enjoyed the support and encouragement of

Farmer Autovillage over the years.

Farmer Autovillage has helped local

causes become more mobile, and able to

reach out to the people they are supporting.

For many charities the need for a vehicle

may only be for a short time.

Farmer Autovillage has long and strong

ties to Tauranga, and are acutely aware of

the hard work done, usually by volunteers,

to keep these charities going. Supporting

the community has been a key way the team

and business are able to give back.

“We are approached for sponsorship on

a regular basis. It’s humbling to meet and

work with fantastic volunteers and groups

who are working hard to help drive the


“The loan vehicles or events that we

support are always anchored in bringing

benefit to as many as possible.”

“This year we committed our Volkswagen

Crafter van for community use. It was

able to be booked for short local loans free

of charge. With 12 seats and large cargo

space, it was the perfect solution for the

local clubs who loaned the van. It provided

a very safe and modern way of transport,”

says Samantha Hedifen, Group Marketing


Farmer Autovillage recently renewed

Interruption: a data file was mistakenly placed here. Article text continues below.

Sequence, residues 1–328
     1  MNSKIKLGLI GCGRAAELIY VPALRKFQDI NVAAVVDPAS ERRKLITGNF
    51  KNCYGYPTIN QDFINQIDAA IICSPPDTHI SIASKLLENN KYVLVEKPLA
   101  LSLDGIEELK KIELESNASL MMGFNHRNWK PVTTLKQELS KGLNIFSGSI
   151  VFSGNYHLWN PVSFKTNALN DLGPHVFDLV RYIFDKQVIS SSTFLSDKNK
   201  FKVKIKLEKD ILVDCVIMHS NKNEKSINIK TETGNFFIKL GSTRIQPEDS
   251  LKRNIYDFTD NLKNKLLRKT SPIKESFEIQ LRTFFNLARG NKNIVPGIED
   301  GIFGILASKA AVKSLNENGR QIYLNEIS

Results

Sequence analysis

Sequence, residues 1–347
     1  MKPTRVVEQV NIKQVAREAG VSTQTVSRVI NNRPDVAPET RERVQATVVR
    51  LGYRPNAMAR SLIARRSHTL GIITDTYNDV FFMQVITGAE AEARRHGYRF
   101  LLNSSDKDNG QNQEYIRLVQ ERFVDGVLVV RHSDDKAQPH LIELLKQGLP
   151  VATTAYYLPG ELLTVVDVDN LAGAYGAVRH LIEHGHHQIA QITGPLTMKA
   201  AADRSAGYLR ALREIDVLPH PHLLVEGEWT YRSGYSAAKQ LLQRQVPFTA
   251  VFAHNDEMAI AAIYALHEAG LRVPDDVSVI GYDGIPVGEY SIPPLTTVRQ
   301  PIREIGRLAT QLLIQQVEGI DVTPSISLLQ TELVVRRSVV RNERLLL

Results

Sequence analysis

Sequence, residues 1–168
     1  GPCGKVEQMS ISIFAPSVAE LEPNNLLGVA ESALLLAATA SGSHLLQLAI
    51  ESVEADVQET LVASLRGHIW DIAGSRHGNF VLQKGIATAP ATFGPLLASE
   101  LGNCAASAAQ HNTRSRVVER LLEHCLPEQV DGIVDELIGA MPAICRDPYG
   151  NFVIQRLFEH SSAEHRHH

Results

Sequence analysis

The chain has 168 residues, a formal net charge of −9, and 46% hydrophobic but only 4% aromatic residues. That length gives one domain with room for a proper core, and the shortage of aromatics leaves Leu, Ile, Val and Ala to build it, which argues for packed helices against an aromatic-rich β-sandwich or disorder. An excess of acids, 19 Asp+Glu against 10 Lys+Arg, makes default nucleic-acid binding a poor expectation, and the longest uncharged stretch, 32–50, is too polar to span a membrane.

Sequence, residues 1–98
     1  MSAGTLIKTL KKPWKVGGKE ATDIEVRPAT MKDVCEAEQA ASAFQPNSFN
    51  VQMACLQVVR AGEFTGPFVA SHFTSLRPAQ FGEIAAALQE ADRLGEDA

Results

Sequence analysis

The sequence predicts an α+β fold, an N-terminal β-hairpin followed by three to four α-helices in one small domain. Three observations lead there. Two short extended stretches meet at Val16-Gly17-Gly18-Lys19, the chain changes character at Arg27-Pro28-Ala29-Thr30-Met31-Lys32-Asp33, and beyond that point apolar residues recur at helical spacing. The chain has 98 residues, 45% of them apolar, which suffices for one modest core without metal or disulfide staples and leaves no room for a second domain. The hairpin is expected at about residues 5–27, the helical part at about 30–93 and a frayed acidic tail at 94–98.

its commitment to Movember, the men’s

health awareness month by providing a

Nissan Navara, complete with Movember

labelling to proudly raise the profile of an

important health issue throughout New


Movember Foundation New Zealand

Manager Robert Dunne says “Since 2019

Movember is extremely excited to partner

with Farmer Autovillage. We are known by

the quality of the people and organisations

we work with and Farmer Autovillage is a

renowned and trusted name in the Bay of


Four years’ ago after a break-in at the

Waipuna Trust depot resulting in the Trust’s

van being stolen, Farmer Autovillage

stepped in to supply the trust with a vital

set of wheels.

“Helping out with a van was the least

we could do, the Trust’s work is invaluable

for people here in the Bay of Plenty,” says

Mike Farmer.

Farmer Autovillage’s latest brand

additions, Haval and MG have also most

recently been seen around town, with MG

HS powering the team from Tauranga